Missouri bill to let concealed weapons into schools raises eyebrows
06/01/2014 4:43 PM
06/03/2014 2:23 PM
A bill that would allow specially trained teachers to carry concealed weapons in the classroom is coming under fire from some Missouri teachers.
Lawmakers in Jefferson City said the legislation would protect students from intruders and reduce the risk of a deadly mass shooting such as the one in 2012 at Sandy Hook Elementary School in Newtown, Conn.
“The reason for it is to give schools another tool in their toolbox to provide security for their schools,” state Rep. Kevin Elmer, a Nixa Republican, told KWMU-FM. “It is up to the discretion of the local school boards whether or not they will take advantage of this particular tool.”
Leaders of the Missouri National Education Association and the Missouri PTA are speaking out against the measure. The bill awaits the signature of Gov. Jay Nixon, who has not indicated how he will respond.
“It raises profound concerns about safety, in terms of people not knowing who’s armed,” said Otto Fajen, legislative director for the Missouri National Education Association. “That can create some uncertainty.”
Kim Weber of Columbia, who heads the Missouri PTA, said teachers should be able to concentrate on their students, not on making sure firearms are stored and used properly.
“There are too many unanswered questions,” she said. “How would they be secured? Who would have access to them? Would they be on their person? Would they be locked in a cabinet? Would they be in a special room? As a parent, I would have to have all of those things explained.”
The legislation also would loosen some restrictions on carrying concealed weapons and would lower the age for eligibility for a concealed-carry permit to 19 from 21.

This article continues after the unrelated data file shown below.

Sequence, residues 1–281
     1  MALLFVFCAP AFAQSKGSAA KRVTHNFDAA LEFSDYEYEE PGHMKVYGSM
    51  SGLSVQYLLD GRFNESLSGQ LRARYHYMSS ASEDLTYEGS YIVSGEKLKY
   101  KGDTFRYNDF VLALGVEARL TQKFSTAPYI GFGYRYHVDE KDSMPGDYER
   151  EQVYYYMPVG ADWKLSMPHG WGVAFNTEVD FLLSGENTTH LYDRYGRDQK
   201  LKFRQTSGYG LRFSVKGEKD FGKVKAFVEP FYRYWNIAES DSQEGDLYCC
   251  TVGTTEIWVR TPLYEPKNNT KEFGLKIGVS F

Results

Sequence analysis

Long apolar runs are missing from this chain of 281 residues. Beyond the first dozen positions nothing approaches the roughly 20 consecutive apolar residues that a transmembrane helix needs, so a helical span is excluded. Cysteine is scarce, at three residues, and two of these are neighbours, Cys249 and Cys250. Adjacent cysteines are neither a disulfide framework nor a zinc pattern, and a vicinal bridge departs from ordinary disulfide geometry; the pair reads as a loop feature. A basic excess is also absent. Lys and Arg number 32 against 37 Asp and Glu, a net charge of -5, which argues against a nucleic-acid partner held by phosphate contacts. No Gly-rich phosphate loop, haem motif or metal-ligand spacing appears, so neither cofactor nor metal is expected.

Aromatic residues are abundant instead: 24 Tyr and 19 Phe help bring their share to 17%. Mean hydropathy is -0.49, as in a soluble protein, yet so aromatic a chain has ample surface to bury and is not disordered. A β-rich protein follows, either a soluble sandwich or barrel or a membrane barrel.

The proposed law would allow any school district in Missouri to designate one or more elementary or secondary school teacher or administrator as a voluntary “school protection officer.” Such a designation would include the right to carry a concealed firearm or a “self-defense spray device.” School districts would have to hold a public hearing before allowing such a designation.
After passing a training course, protection officers would be issued concealed-carry permits and have legal authority to detain or use force against someone on school property, including students.
“For some school districts, they just don’t have the resources to pay for police to be on staff,” Elmer said. “This allows the local communities to have these discussions and figure out whether or not they want to take advantage of this option.”
After the Sandy Hook shooting, Nixon spoke out strongly against allowing weapons in schools. A spokeswoman for the governor said his views on arming teachers have not changed and the bill “will get the same careful and comprehensive review given to every bill that gets to his desk.”
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